Low Vision News

For low vision specialists and those who consult them

My “going blind” review

The movie “going blind” has been attracting considerable attention in the low vision research community. I finally got to see this at the Envision meeting in September, and I reviewed it for Optometry Today. My review is reprinted below:

When film director Joseph Lovett visited his ophthalmologist for a glaucoma review, the doctor told him not to think about what would happen if the disease made him go lose his sight. However, he did think about it. The result is “Going blind”, a fascinating 80-minute documentary feature film about visual impairment and blindness.

The film is set against the backdrop of Lovett’s own glaucoma getting worse. In fact he had several surgical procedures including a failed trabeculectomy during the course of making the movie. In the documentary Lovett meets several people with visual impairment and asks them how they cope with their vision loss. These include Jessica Jones, a young artist and photographer who lost sight through retinal detachments. She now teaches art accompanied by her guide dog, Chef. Emmet Tyran features too. He is a child with albinism whose parents encourage him to perform stand-up comedy to as a way of dealing with children who make fun of him in class for having to get so close to the board to see.

However, Pat Williams is the real stand-out character. She knew it was time to seek help from low vision services when her failing sight meant she accidentally added cinnamon rather than paprika to chicken when cooking at for a dinner party. The way in which she discusses the psychological issues surrounding her own vision loss is fascinating. In one amusing scene she is shopping for new shoes. After picking up a pair of some lurid purple boots she asks her brother: “Is this brown?”. When he corrects her she says: “But it will look brown”. He tells her they will always look purple. Her response? “Ooh, nice”.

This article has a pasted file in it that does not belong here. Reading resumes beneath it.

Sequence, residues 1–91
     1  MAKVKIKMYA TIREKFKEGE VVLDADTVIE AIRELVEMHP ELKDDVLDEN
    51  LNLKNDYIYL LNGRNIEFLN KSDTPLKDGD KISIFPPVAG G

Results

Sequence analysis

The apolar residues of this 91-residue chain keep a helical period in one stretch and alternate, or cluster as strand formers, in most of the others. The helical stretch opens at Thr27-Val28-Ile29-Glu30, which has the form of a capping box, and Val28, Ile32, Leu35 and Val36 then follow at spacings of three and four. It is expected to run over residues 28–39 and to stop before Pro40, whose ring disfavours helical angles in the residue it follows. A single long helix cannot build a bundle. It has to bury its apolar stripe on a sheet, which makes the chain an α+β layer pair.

The film also shows the director attending glaucoma and low vision appointments in Manhattan. Some of the communication skills shown by his ophthalmologist are quite shocking. Even with the presence of a camera crew he seems unwilling to discuss the possible progression of Lovett’s glaucoma, and seems to be far more interested in IOP control than in Lovett’s well being. Speaking as a low vision optometrist myself, I’m pleased to report that the optometrist and low vision specialists who the director visits come across as more caring. Indeed, the film could usefully be shown to people who are sceptical of low vision services to show the benefits low vision rehabilitation can have.

The film is not without faults. With the possible exception of Steve Baskis, an Iraq war veteran blinded in both eyes, most of the characters are extremely upbeat throughout the film. I can see why the director wanted to create an optimistic, ‘feel-good’ movie, but I think it would have been informative to demonstrate that it is normal to be frustrated or angry with vision loss at times. Also, although I saw the film on a big screen at a preview, I think the tone of the film makes it appear more like a (well-made) television documentary than a gripping documentary film such as “Food, Inc” or Michael Moore’s “Sicko”.

Going Blind is an interesting, informative and entertaining movie. Anyone working with visual impairment can learn from watching it, and it would take a heart of stone not to find some elements of the film inspiring.

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